It is important to note that the phrase "the divine spark" is one that betrays the Gnostic origins of certain Celtic teaching. Some taught that all things were fundamentally good and we needed only to rediscover the god-element in man and nature in order to redeem it. They denied original sin, so did not direct seekers to the death of their human nature in Christ. Rather, they sought to develop the sparks of spiritual longing found in pagan sacrifice and the worship of false gods in order to "complete" these in Christianity.
This was not typical of Celtic belief, but there was certainly an element of heretical thought, some of it based on the teachings of Pelagius (c350-c420), in the Celtic Church. Indeed, various measures had to be taken by Rome to try and stamp out this heresy in the British Isles:
DIGGING UP OUR ROOTS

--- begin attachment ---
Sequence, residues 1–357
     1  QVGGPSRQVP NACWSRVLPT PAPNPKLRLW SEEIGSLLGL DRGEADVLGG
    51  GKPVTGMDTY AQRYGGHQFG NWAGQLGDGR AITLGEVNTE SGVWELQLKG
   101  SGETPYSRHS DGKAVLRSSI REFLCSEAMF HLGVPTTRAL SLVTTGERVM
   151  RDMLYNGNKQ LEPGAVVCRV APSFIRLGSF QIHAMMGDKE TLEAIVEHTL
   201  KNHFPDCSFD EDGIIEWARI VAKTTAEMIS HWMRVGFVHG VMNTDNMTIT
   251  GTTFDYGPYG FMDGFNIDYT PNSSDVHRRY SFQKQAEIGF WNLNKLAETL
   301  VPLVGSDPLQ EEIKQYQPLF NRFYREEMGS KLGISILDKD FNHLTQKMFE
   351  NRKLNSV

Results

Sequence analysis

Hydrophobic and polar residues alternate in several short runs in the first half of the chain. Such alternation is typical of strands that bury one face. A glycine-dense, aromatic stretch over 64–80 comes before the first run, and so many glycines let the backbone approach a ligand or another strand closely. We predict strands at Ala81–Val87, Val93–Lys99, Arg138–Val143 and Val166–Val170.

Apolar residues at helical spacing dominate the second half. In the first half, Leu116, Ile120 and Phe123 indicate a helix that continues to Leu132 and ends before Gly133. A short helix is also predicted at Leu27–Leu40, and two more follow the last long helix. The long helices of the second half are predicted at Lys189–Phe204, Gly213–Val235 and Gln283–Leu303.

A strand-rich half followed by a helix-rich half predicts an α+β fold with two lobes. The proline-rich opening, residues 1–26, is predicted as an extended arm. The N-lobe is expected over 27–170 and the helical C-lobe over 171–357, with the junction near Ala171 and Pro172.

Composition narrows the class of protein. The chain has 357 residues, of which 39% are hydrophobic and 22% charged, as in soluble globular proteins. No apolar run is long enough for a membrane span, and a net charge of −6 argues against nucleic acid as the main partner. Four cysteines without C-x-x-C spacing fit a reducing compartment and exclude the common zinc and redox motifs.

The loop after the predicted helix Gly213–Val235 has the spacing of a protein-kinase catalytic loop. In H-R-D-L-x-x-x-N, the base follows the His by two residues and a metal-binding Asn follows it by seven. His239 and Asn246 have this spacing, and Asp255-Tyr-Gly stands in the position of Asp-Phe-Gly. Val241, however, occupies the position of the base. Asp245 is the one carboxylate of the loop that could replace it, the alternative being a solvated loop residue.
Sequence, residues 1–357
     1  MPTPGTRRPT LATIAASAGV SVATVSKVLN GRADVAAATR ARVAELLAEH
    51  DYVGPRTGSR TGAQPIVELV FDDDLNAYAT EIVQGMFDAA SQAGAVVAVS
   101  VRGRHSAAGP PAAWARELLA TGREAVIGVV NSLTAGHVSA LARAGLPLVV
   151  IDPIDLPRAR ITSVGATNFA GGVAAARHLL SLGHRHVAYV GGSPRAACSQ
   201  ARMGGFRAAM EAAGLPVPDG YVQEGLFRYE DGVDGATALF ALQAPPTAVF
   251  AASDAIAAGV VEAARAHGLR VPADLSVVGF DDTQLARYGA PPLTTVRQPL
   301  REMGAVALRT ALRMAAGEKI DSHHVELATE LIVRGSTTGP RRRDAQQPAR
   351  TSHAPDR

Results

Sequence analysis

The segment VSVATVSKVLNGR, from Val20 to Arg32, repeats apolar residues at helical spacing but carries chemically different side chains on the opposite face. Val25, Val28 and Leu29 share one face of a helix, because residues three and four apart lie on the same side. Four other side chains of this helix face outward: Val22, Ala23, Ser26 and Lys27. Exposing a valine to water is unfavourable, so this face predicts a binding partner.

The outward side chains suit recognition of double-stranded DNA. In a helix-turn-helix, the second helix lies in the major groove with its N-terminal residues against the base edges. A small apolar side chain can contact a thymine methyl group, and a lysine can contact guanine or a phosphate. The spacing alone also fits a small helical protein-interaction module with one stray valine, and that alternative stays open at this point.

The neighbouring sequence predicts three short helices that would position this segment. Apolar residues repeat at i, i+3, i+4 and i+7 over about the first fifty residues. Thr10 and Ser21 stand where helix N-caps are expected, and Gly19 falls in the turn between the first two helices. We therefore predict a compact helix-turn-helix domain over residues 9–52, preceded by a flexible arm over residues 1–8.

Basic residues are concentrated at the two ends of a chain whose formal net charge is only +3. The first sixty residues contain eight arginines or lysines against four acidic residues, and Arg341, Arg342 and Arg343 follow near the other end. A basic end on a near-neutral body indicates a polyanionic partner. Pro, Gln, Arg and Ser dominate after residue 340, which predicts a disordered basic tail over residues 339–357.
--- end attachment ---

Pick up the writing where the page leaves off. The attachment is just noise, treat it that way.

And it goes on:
In reference to his Celtic presentation at the Leaders' meeting, Ellis says: "Oh, that's what we're discovering tonight, a church without roots is going to die."
I'd like you to ponder that statement a moment. ARE we a "church without roots?" Those who bewail the separation between Rome and the Protestant churches may indeed feel the loss of what they perceive to be the roots of the True Church - but are they correct?
To be brief, the roots of the Church of God are primarily in Jesus Christ her Redeemer, but in Jesus they share the taproots of the Old Testament Hebrew congregation. According to the scriptures, we Gentile believers have been "grafted in" to the olive tree of Israel whose roots are holy. (.Rom 11:16-18) This is the ONLY national identity the Church has or needs.
Secondly, what keeps the Church alive is the sap of that tree which is and always has been the life of God in Christ. To use another biblical metaphor, as Christians we are joined to the Vine. (John 15:4-5) It is the life of Christ that circulates round the veins of the Body of Christ, and that eternal supernatural life is far from needing a national identity to keep it moving!